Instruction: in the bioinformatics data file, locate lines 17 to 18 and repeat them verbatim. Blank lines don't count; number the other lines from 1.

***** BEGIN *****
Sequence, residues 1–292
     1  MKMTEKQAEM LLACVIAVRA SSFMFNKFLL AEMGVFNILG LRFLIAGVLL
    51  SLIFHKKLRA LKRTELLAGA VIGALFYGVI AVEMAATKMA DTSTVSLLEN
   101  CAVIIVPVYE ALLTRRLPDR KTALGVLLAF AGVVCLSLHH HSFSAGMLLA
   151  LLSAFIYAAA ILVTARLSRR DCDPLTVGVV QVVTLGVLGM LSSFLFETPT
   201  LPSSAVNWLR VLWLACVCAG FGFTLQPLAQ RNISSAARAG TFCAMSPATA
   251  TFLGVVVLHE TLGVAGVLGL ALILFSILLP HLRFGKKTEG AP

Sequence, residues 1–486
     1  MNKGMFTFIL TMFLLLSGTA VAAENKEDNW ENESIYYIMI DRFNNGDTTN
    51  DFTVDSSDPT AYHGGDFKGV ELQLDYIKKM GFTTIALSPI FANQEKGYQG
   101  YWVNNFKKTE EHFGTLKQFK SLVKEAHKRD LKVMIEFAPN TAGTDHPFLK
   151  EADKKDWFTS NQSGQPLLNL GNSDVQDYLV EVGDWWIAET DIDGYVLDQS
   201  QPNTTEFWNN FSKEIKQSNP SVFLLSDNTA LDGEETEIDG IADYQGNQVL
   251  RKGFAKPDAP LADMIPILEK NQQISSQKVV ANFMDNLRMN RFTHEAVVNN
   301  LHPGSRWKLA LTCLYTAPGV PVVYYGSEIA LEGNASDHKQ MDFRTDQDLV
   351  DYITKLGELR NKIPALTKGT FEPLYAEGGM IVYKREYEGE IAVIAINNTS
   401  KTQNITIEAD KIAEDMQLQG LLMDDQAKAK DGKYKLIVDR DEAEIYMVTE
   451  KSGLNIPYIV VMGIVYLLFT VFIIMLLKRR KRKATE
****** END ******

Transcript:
   401  KTQNITIEAD KIAEDMQLQG LLMDDQAKAK DGKYKLIVDR DEAEIYMVTE
   451  KSGLNIPYIV VMGIVYLLFT VFIIMLLKRR KRKATE